Snowpocalypse! Washington D.C. on Feb. 11.
Tomorrow morning, the government will publish its monthly jobs numbers for February. The figures are supposed to answer a key question about the economy: How quickly are we adding or losing jobs?
Because of last month's blizzards, though, the February numbers will be rather messy.
The numbers come from a government survey that always asks businesses how many employees were paid during the pay period that includes the 12th of the month (regular employees get paid once per pay period).
As it happens, Feb. 12 was right when the East Coast was getting hammered by big snowstorms that kept lots of people home.
The snow won't make any difference in the survey for people who made it into work at least once during the pay period that included Feb. 12. The snow also won't affect people who didn't make it into work during that period but got paid anyway.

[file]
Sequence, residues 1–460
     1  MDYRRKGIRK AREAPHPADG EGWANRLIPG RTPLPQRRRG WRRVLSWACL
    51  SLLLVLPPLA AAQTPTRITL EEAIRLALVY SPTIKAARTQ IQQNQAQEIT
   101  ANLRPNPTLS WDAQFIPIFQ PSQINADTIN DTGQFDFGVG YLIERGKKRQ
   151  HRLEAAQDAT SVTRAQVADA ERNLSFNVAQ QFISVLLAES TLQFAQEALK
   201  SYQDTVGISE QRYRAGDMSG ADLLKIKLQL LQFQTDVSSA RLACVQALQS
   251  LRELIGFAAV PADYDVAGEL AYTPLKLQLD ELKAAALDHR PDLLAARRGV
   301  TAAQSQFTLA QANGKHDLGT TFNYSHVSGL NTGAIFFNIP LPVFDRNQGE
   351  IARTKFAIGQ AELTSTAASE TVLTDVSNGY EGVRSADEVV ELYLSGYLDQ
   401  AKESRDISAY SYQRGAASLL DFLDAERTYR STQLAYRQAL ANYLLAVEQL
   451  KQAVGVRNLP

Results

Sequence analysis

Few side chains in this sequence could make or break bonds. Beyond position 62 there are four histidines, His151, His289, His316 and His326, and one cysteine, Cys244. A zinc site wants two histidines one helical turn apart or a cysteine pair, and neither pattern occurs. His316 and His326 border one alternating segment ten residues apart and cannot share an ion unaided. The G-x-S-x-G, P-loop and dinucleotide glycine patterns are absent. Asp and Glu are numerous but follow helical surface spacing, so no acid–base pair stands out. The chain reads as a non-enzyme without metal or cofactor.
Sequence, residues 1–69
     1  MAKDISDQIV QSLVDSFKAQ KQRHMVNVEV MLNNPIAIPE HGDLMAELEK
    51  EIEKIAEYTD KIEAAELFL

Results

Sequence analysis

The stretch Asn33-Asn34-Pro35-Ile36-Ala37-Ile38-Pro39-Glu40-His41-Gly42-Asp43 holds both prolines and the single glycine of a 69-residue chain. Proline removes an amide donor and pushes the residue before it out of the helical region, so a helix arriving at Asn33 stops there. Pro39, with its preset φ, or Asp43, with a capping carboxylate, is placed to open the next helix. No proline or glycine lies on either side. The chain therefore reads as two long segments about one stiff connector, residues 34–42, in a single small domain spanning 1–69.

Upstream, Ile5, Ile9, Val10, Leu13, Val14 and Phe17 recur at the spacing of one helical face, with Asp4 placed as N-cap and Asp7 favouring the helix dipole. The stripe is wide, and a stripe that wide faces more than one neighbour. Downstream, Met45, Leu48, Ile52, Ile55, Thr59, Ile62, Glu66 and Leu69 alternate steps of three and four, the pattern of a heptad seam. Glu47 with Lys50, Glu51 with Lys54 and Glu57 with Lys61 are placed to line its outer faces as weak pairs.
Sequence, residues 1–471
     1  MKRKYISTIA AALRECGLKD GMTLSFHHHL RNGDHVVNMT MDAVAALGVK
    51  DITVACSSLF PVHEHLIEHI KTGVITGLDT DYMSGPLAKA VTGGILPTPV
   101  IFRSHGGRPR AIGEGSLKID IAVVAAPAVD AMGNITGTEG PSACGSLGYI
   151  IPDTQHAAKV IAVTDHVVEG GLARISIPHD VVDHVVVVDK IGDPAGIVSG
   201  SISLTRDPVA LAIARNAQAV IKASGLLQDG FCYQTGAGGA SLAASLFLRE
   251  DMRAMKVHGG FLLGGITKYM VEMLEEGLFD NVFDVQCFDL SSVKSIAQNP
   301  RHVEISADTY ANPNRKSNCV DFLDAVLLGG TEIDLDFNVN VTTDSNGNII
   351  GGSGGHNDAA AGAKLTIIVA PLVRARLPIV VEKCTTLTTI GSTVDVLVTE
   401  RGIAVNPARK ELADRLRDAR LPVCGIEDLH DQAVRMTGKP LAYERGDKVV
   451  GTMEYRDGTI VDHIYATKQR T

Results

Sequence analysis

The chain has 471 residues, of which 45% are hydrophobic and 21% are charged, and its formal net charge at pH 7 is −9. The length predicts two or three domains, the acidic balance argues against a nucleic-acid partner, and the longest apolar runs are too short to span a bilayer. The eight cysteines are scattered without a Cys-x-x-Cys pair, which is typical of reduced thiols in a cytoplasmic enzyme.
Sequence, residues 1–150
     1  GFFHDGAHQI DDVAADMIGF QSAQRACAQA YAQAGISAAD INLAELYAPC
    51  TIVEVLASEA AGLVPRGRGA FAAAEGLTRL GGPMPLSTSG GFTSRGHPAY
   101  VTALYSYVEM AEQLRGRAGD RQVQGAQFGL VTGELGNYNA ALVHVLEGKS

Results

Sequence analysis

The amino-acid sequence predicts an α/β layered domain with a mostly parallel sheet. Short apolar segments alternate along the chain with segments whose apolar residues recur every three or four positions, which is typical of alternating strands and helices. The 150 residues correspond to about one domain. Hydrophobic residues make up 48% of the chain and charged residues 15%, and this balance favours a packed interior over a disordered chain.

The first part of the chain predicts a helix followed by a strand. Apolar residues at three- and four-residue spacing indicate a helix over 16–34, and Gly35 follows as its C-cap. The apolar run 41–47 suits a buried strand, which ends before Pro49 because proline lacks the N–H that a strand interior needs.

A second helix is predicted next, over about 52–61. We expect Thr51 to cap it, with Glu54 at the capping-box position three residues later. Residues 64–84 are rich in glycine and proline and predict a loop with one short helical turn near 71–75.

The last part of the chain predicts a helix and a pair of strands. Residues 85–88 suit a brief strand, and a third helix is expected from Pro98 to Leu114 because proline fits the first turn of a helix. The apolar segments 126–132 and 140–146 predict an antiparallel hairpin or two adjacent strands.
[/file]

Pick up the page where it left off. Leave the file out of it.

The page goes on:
"We're talking about a very particular type of worker — an hourly worker, maybe only works a few days a week, and really could miss work and not get paid," Joel Prakken, the chairman of a consulting firm called Macroeconomic Advisers, told me.
Somewhere between 150,000 and 220,000 people may fall into that group, Prakken said. (His rough estimate is based on the effects a big storm in 1996 had on the numbers.)
That group is big enough to have a significant effect on the numbers. Between December and January, for example, total number of jobs declined by 20,000.
So the effects of the snowstorms are likely to overwhelm whatever monthly change would have happened in February if the weather had cooperated. The numbers will paint an unrealistically bleak portrait of the employment landscape.